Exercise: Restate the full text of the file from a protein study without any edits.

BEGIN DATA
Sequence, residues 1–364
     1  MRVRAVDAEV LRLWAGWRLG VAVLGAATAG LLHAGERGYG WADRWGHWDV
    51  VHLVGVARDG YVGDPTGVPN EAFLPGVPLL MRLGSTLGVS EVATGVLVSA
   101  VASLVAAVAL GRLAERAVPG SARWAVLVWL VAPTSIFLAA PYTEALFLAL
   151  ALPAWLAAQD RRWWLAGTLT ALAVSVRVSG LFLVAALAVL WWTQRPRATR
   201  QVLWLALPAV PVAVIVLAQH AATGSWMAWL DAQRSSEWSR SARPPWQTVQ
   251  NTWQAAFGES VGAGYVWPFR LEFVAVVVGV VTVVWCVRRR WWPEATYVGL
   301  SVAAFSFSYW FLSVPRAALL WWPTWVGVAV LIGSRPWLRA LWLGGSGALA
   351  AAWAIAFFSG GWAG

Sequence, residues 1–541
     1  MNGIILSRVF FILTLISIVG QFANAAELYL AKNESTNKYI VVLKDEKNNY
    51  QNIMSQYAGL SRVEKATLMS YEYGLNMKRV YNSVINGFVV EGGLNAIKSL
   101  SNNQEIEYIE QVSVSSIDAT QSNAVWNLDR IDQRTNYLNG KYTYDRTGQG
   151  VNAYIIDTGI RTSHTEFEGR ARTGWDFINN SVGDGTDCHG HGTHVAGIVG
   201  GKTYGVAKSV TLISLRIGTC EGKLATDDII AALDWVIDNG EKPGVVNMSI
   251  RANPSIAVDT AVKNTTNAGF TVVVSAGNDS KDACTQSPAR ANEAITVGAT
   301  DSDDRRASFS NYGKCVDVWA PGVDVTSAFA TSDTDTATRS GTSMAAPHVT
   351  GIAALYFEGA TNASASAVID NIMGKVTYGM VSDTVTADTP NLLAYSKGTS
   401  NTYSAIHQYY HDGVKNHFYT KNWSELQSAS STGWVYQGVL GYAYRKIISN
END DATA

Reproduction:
Sequence, residues 1–364
     1  MRVRAVDAEV LRLWAGWRLG VAVLGAATAG LLHAGERGYG WADRWGHWDV
    51  VHLVGVARDG YVGDPTGVPN EAFLPGVPLL MRLGSTLGVS EVATGVLVSA
   101  VASLVAAVAL GRLAERAVPG SARWAVLVWL VAPTSIFLAA PYTEALFLAL
   151  ALPAWLAAQD RRWWLAGTLT ALAVSVRVSG LFLVAALAVL WWTQRPRATR
   201  QVLWLALPAV PVAVIVLAQH AATGSWMAWL DAQRSSEWSR SARPPWQTVQ
   251  NTWQAAFGES VGAGYVWPFR LEFVAVVVGV VTVVWCVRRR WWPEATYVGL
   301  SVAAFSFSYW FLSVPRAALL WWPTWVGVAV LIGSRPWLRA LWLGGSGALA
   351  AAWAIAFFSG GWAG

Sequence, residues 1–541
     1  MNGIILSRVF FILTLISIVG QFANAAELYL AKNESTNKYI VVLKDEKNNY
    51  QNIMSQYAGL SRVEKATLMS YEYGLNMKRV YNSVINGFVV EGGLNAIKSL
   101  SNNQEIEYIE QVSVSSIDAT QSNAVWNLDR IDQRTNYLNG KYTYDRTGQG
   151  VNAYIIDTGI RTSHTEFEGR ARTGWDFINN SVGDGTDCHG HGTHVAGIVG
   201  GKTYGVAKSV TLISLRIGTC EGKLATDDII AALDWVIDNG EKPGVVNMSI
   251  RANPSIAVDT AVKNTTNAGF TVVVSAGNDS KDACTQSPAR ANEAITVGAT
   301  DSDDRRASFS NYGKCVDVWA PGVDVTSAFA TSDTDTATRS GTSMAAPHVT
   351  GIAALYFEGA TNASASAVID NIMGKVTYGM VSDTVTADTP NLLAYSKGTS
   401  NTYSAIHQYY HDGVKNHFYT KNWSELQSAS STGWVYQGVL GYAYRKIISN